Fraunfelder jokes, based on the pictures, “It’s conclusive: owning a passport will prevent you from becoming diabetic.”
More exactly, this is the related fallacy with the latin name Cum hoc, ergo propter hoc. Those latin phrases mean “After/with this, therefore because of this.” Both of those fallacies fall in the category of Non causa, pro causa (“Non-cause for cause”). When two effects are seen, one fallaciously assumes that one effect caused the other. In reality, logic allows that the two effects are both caused by other, common causes — in this case, probably things like poverty, education, ethnic diversity, etc.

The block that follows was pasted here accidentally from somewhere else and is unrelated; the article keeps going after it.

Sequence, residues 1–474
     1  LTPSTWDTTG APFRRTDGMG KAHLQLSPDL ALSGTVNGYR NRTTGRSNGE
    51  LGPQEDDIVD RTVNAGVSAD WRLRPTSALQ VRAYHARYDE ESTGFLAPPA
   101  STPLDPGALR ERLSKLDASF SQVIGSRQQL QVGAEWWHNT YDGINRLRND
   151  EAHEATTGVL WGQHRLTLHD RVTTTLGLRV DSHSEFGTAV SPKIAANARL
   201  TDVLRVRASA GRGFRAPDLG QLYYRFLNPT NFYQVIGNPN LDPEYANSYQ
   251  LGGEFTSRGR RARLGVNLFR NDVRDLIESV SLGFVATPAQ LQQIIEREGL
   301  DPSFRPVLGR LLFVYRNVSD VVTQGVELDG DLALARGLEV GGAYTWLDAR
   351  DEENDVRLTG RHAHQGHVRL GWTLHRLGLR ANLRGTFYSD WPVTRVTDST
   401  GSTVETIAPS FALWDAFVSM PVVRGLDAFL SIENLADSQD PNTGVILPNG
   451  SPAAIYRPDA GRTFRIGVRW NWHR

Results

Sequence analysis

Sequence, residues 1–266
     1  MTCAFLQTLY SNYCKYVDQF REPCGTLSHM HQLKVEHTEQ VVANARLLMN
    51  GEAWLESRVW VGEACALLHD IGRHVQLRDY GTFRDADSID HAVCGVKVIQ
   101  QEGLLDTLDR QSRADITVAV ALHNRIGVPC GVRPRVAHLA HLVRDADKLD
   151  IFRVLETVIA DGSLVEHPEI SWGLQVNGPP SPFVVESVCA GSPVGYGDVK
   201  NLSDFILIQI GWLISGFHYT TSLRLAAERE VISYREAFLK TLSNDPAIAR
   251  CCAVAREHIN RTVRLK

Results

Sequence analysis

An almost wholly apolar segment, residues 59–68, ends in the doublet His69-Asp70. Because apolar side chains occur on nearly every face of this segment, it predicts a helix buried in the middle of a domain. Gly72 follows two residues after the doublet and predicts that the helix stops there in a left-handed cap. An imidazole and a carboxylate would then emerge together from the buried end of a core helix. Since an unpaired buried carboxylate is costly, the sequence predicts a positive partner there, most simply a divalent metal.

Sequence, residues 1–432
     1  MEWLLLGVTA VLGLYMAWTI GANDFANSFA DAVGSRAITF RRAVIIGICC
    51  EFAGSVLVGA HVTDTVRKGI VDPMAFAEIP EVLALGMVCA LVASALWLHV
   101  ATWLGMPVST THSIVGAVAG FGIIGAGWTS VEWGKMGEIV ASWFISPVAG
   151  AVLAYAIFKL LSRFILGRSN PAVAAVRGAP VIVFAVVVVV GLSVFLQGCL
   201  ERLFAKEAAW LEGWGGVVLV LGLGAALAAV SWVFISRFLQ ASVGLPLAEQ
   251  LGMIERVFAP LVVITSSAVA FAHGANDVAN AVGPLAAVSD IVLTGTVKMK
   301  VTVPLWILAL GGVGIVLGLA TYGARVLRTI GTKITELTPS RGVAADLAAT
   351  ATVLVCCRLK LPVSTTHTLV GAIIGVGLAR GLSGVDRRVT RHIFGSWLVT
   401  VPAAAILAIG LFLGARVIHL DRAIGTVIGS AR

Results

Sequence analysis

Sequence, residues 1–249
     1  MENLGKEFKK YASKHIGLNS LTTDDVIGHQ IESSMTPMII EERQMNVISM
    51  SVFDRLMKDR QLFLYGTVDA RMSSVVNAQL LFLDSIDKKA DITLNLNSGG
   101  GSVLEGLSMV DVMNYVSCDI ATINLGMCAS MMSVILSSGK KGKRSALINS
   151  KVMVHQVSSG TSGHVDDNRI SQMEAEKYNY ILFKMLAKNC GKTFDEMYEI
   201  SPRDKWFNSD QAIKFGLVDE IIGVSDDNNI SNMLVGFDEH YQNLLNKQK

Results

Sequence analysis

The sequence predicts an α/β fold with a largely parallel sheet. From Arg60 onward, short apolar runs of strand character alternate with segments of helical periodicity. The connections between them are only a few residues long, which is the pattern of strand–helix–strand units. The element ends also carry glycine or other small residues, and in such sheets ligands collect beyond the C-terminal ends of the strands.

Another correct way to approach this kind of data, is to remember the statistical truth, “correlation does not imply causation.” In this case, populations that are more likely to have passports, are also more likely to have diabetes — so passport-ownership and diabetes are correlated. But that doesn’t mean that passports cause diabetes (any more than getting diabetes will get you a passport)!